Cape Town - 120420 - Mziwamadoda Qwabe (L) hides under a jacket while Xolile Mngeni struggles to his seat in the dock as they appear at the Cape Town High Court in connection with the murder of Anni Dewani. REPORTER: WENDYL MARTIN. PICTURE: CANDICE CHAPLIN


The Directorate of Public Prosecutions has indicated it will oppose moves by counsel for one of the Anni Dewani murder accused, who is receiving treatment for a brain tumour, to have him referred for observation in respect of his fitness to stand trial.

This emerged late yesterday after Xolile Mngeni appeared in the Western Cape High Court with his co-accused Mziwamadoda Qwabe. They are accused of killing Dewani, allegedly on order from her husband Shrien Dewani.

The court also heard from Mngeni’s advocate, Matthews Dayimani, who said Mngeni’s oncologist had warned against his previous court appearance, as well as yesterday’s. He said his client’s immune system was compromised by the cancer treatment he was receiving, leaving him vulnerable to infection.


Mngeni stood shivering in the dock yesterday.

Shrien Dewani is still in the UK, after two British judges ordered that his extradition case be remitted back to the Westminster Magistrate’s Court for a further hearing.

In a judgment, it was ruled that he should be extradited when he is fit to stand trial.

Another accused, Zola Tongo, was sentenced to an effective 18 years in prison by Judge President John Hlophe.

Tongo was the chauffeur who drove the Dewanis while they were in Cape Town.

Dayimani said he had addressed correspondence to the prosecuting authority based on a report from an oncologist Dr Jeannette Parkes, who is treating Mngeni.


Dayimani explained that he had raised the issue with Pollsmoor Prison, but was told they could do nothing without correspondence from the court and the prosecuting authority.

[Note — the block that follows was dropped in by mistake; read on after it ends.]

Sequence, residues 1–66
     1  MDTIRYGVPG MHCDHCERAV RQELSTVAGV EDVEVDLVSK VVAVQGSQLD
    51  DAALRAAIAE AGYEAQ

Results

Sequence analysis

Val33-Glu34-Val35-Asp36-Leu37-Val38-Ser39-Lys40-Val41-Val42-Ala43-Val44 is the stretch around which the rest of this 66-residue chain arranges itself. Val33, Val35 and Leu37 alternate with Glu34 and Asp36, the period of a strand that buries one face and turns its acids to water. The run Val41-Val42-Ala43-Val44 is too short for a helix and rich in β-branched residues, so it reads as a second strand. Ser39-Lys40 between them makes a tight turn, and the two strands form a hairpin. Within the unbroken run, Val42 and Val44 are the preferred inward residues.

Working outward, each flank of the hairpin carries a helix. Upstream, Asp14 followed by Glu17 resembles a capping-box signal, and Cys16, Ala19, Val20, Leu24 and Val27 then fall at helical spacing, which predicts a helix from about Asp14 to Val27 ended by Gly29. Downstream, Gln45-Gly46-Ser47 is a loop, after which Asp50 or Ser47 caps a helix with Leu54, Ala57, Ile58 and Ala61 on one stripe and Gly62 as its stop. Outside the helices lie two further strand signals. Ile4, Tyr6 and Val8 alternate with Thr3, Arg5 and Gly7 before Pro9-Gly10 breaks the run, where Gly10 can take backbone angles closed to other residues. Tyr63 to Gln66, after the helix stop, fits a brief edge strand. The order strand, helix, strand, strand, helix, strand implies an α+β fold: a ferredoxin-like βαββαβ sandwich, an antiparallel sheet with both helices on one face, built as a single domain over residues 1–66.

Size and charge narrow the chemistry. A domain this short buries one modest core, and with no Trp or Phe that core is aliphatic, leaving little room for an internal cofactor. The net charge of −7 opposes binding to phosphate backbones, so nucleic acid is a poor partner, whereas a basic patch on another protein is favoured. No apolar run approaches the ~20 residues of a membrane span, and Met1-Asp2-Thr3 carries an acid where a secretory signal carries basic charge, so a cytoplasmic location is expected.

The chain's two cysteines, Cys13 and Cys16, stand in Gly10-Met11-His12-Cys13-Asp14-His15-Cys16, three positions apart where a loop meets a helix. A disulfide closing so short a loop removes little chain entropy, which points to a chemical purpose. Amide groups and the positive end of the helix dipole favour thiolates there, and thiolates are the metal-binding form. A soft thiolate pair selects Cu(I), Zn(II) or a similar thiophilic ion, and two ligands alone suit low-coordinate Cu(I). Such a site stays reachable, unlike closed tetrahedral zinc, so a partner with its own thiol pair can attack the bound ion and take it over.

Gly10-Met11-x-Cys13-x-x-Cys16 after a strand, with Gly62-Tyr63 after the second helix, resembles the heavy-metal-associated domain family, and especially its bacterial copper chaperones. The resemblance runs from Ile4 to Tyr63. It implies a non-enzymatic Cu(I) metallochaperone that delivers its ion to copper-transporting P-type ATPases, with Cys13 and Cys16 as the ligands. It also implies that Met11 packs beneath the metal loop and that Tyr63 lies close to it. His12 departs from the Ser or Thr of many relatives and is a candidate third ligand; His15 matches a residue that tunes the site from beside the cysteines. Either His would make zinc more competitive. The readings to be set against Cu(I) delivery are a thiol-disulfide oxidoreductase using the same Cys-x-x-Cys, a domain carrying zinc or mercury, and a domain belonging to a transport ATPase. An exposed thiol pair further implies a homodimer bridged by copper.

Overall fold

He told the court that correspondence in this regard had been sent to prosecutors for a referral for observation of medical fitness.

A letter signed by Rodney de Kock, director of public prosecutions, Western Cape, was released to the media. Undated, it indicated their intention to oppose the application.

Judge Robert Henney read out a document discussing Mngeni’s health, which detailed that he experienced headaches, and double vision, and had poor co-ordination in his right hand.

However the document added that he was also co-operative, could comprehend court proceedings, and was fit enough to attend court.

Judge Henney said Dayimani would have to bring substantial evidence for an application for referral for observation to determine Mngeni’s fitness to stand trail.

“It has to be based on something proper in terms of the law,” he said.

State Prosecutor Shareen Riley said she would oppose Dayimani’s application for a referral.

“We have indicated that if we receive updated information, we will reconsider,” she said.

During the proceedings, Thabo Nogemane, for Qwabe, told the court he was withdrawing for lack of “financial instruction”.

Qwabe told Judge Henney he would apply for legal aid.

Henney said that before the July trial begins, a new legal representative must be appointed for Qwabe. He must also be given the docket, and take instructions.


Judge Henney postponed the pre-trial conference to May 11. - Saturday Argus

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